• G02B5/20Filters
    • G02B5/28Interference filters
    • G02B5/281Interference filters designed for the infra-red light
    • G02B5/282Interference filters designed for the infra-red light reflecting for infra-red and transparent for visible light, e.g. heat reflectors, laser protection
    • CCHEMISTRY; METALLURGY
    • C03GLASS; MINERAL OR SLAG WOOL
    • C03CCHEMICAL COMPOSITION OF GLASSES, GLAZES, OR VITREOUS ENAMELS; SURFACE TREATMENT OF GLASS; SURFACE TREATMENT OF FIBRES OR FILAMENTS MADE FROM GLASS, MINERALS OR SLAGS; JOINING GLASS TO GLASS OR OTHER MATERIALS
    • C03C2217/00Coatings on glass
    • C03C2217/70Properties of coatings
    • C03C2217/78Coatings specially designed to be durable, e.g. scratch-resistant

Abstract

An infrared reflecting interference filter capable of transmitting a desired proportion of visible radiation while reflecting a large portion of incident solar radiation comprising a transparent substrate coated with a dielectric layer and a metal reflectance layer with a precoat layer being interposed between each metal-dielectric layer interface.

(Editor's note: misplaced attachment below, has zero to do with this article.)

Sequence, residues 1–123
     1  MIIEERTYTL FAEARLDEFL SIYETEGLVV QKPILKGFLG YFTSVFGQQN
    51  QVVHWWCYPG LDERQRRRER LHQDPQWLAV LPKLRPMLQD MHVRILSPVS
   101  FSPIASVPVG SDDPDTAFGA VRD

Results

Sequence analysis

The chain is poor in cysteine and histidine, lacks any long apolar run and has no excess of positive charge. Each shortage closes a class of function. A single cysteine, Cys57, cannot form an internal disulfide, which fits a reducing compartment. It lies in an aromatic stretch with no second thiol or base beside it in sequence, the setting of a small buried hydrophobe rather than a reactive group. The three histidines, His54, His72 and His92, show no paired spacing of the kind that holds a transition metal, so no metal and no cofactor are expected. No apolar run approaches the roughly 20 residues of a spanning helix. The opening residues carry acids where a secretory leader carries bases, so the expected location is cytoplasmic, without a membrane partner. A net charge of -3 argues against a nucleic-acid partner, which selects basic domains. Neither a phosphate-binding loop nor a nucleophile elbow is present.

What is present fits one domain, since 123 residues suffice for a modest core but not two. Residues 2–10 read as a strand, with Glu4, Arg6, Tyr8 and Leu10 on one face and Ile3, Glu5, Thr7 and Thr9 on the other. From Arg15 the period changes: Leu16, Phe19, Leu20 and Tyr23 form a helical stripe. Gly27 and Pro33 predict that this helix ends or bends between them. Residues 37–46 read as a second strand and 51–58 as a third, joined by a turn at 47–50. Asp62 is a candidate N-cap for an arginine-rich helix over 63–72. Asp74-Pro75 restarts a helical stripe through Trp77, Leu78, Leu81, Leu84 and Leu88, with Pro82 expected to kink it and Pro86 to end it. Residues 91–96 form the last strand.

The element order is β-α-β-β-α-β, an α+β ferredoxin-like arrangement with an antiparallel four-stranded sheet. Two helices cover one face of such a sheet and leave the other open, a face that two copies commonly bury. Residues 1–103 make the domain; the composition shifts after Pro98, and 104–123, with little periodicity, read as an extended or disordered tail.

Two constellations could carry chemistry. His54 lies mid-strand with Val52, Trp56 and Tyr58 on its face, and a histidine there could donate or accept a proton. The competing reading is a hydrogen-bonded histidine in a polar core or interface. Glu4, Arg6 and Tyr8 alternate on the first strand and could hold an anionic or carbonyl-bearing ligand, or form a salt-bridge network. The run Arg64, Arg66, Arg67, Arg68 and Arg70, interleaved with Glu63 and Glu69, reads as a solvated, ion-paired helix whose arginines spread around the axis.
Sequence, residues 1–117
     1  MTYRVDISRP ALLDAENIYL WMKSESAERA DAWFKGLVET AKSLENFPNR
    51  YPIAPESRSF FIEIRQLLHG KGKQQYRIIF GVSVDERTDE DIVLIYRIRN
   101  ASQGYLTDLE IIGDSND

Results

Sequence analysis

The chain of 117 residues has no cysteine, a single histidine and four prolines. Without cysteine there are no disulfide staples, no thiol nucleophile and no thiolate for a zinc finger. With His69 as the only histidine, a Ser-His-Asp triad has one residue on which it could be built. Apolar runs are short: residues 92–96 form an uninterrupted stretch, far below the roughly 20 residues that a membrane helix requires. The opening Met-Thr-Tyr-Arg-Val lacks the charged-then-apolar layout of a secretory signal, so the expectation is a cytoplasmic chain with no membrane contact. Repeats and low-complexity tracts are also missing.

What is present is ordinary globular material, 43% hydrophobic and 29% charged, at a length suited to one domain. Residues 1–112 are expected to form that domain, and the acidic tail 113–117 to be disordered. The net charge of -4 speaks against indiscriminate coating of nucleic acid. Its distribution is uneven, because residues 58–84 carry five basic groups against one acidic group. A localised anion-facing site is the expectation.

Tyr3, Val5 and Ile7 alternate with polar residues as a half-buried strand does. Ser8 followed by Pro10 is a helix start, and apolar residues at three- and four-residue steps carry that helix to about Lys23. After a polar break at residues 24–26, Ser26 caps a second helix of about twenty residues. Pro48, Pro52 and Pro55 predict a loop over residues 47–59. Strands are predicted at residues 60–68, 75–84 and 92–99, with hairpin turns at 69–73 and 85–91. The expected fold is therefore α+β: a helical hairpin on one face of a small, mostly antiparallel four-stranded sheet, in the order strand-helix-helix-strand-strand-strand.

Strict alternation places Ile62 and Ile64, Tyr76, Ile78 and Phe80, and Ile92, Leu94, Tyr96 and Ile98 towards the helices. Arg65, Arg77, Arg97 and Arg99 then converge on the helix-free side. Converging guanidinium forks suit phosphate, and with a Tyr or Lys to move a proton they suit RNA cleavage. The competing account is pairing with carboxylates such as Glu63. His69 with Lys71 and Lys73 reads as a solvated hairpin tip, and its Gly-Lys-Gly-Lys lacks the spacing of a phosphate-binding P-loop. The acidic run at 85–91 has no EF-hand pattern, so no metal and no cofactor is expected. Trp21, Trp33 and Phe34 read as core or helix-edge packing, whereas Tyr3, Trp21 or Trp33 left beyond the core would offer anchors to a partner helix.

Description

  • [0001]
    This invention relates generally to infrared interference filters, and more particularly, to a durable low-emissivity thin film interference filter.
  • [0002]
    The use of transparent panels in buildings, vehicles and other structures for controlling solar radiation is quite prevalent today. The goal of solar control is to emit light while excluding much of the solar energy, thus decreasing the amount of air condition or cooling required, and conserving energy. In addition, modified glass as a structural material provides the colour flexibility architects desire.
  • [0003]